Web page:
In this context, can you explain the nature of your planned tie-ups with SIAM and FADA and their reactions?
Fast Lane has interacted with SIAM for the past three years. As an umbrella body and a single point of contact for all vehicle manufacturers in India, SIAM was identified as the ideal medium through which all the manufacturers could be reached and through which a vehicle data system could be implemented. Initially, the process of engagement and getting an acceptance took some time, but overall the concept and Fast Lane were received favourably. Senior management at SIAM, acting on behalf of its members, has afforded Fast Lane with many opportunities to showcase how the vehicle data system which is employed to great effect in other countries and to demonstrate how having such systems can bring benefits to the Indian automotive sector and its stakeholders.SIAM has accepted the fact that a vehicle data system is very much needed but they cannot move forward without the participation of their member manufacturers. We continue to engage SIAM and its members to progress this to its eventual conclusion.Recently, we also made our business case to FADA. While FADA sees all the benefits and is very eager to work with us, FADA members are reluctant to move forward without the say so of their respective manufacturer partners.
Data analytics is a relatively new area for Indian business. How do you feel OEMs and their vendors would benefit?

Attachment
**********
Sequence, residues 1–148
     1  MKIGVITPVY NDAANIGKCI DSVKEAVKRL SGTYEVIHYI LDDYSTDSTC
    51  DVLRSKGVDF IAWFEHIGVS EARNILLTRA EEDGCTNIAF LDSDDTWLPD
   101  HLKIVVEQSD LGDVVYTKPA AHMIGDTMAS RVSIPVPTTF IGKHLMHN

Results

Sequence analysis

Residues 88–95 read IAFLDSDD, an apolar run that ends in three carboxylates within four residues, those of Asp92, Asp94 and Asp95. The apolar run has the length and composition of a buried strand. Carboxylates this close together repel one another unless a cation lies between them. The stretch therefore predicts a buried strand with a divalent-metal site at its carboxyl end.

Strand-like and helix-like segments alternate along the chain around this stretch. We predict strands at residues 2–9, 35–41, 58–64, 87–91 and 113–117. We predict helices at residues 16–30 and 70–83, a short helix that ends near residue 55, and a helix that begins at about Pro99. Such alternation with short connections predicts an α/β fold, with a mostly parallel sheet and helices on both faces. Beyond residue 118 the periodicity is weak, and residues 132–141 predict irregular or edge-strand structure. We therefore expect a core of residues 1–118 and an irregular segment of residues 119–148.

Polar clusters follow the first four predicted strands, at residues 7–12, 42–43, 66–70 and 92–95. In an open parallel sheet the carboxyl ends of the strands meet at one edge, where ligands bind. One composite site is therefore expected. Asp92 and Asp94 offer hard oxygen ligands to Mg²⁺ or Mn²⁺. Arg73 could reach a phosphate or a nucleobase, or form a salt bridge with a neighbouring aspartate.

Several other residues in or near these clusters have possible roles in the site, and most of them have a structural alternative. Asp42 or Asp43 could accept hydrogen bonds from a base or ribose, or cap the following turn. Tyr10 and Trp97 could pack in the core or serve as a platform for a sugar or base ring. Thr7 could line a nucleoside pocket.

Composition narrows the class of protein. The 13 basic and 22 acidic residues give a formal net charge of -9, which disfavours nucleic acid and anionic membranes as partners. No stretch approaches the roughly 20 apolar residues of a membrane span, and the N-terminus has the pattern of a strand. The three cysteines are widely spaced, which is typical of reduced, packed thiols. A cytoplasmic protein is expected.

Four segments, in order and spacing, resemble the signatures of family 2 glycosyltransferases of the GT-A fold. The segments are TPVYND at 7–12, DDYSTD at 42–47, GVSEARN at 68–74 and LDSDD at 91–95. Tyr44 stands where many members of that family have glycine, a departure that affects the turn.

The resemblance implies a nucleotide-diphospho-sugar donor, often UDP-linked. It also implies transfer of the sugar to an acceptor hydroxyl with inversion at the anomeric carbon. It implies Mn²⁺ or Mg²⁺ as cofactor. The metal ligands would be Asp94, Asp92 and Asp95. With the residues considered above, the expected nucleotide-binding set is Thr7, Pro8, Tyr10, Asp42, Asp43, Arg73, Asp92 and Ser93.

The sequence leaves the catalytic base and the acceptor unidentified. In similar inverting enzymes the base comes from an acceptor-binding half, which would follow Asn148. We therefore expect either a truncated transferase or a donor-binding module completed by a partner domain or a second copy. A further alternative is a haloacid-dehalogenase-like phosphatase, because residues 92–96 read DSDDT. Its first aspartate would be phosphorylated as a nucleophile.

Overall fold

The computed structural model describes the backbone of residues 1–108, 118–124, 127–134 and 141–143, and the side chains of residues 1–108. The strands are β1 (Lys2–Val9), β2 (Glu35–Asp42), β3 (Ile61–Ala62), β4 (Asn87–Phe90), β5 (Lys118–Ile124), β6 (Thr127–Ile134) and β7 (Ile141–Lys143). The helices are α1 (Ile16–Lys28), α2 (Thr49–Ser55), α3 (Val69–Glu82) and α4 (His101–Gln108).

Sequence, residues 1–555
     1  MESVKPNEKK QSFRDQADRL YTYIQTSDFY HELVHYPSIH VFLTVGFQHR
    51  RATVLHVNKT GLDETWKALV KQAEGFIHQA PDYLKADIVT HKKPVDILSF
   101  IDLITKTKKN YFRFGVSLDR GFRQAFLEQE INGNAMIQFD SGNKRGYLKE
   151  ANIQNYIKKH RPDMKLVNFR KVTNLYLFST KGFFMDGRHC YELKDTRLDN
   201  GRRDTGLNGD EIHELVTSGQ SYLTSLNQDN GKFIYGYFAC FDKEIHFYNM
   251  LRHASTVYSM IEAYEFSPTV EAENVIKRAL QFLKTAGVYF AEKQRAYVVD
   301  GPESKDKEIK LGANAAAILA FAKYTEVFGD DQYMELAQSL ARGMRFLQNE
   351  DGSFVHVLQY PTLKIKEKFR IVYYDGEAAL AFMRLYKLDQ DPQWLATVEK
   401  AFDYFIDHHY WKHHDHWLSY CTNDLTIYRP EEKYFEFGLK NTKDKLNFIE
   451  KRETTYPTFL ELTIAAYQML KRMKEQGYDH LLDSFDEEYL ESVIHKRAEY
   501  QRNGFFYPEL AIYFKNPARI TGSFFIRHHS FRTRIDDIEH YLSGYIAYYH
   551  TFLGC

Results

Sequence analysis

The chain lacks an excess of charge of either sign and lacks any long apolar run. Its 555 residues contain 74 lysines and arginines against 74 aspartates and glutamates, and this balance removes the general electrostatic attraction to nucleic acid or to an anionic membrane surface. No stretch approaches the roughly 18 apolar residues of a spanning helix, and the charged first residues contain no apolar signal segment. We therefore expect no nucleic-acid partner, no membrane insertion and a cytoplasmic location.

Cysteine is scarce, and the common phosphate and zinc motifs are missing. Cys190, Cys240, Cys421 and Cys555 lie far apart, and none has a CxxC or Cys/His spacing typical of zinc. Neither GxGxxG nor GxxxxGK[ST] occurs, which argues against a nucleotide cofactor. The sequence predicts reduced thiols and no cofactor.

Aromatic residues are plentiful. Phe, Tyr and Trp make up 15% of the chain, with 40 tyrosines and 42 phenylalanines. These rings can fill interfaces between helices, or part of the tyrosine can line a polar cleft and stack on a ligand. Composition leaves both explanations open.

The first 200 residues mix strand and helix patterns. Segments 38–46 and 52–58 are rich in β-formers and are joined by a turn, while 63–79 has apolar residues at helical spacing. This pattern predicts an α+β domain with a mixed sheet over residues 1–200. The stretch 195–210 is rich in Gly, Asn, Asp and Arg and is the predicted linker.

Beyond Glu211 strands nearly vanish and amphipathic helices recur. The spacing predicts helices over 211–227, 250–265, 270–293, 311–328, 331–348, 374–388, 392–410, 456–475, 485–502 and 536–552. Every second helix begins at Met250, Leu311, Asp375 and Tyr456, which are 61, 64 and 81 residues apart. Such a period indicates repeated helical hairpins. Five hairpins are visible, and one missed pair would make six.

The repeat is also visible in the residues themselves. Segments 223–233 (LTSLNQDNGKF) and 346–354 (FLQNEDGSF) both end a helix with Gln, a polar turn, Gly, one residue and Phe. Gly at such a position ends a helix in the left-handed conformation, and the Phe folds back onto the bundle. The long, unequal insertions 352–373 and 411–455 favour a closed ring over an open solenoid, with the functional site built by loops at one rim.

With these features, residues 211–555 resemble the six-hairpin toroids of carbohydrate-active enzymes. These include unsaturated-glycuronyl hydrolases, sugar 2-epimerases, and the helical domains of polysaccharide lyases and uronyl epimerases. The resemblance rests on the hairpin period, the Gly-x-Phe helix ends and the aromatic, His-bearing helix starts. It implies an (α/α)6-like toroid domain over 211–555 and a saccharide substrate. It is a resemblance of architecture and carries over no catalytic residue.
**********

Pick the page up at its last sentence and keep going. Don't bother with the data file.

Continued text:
Re-evaluating how we make business decisions – do we do it with or without data and analysis? The days of doing business where value is placed on perceived momentum, age-old business adages and gut instinct are over. Law naturally finds its way into all industries and sectors and the automotive industry is no different. The industry is moving fast and continually evolving. To stay on top – whether you’re a manufacturer, supplier or dealer – you need to be the first to analyse and react to new developments and forecasts.Now business is done with values in which there’s a system, it’s all in black and white, it's transparent, it's scientific. If it turns out there’s a flaw, one can find it, spot it and one can work on addressing it, as opposed to commentary which is based on some thoughts in our heads. Increasingly, successful companies are putting more faith in the value of numbers instead of the conventional wisdom of pundits and polls, personnel hierarchy or the loudest voice in the meeting. The system strips all the emotion and intuition from the process. With accurate, up-to-date data, you can deliver ever-more-targeted products and services.This is authoritative and unbiased information to make well-informed business decisions. As the volume, variety and velocity of data increase, opportunities for firms that embed analytical insights into decision-making will continue to grow.As companies compete globally and technological change accelerates, decision-making windows become ever smaller. Businesses need to instill a culture of data-driven decisions, supported by the people, processes and technology – especially analytics – to ensure success. Data and analytics must be embraced – those who ignore it, do so at their peril and they’ll be left merely guessing. The system proposed by Fast Lane will bring real time vehicle registration data, which is accurate and granular. The information made available to the manufacturers and their dealers will create efficiency and accuracy with one-time data entry for the entire lifecycle of the vehicle. Manufacturers will be able to analyse specific markets and segments, understand market trends, forecast sales, quantify future opportunities as well as production planning, dealer planning, and supply chain management.By having a one-time master record of a vehicle flowing from manufacture to registration and beyond to ELV (end of vehicle life), every touch-point of the vehicle in workshop, parts, and body repair shop can be automated and information fed across systems. Not only does this create accuracy and efficiency (for example: ordering of parts for a specific vehicle from ordering, identifying the correct vehicle, order picking, distribution and eventual supply to customer), it also allows for patterns to emerge which can be used for planning future products, services, and strategy. As data-driven knowledge becomes a differentiating factor for marketing and research, the automotive industry will use it to drive and optimise business decisions across multiple sectors.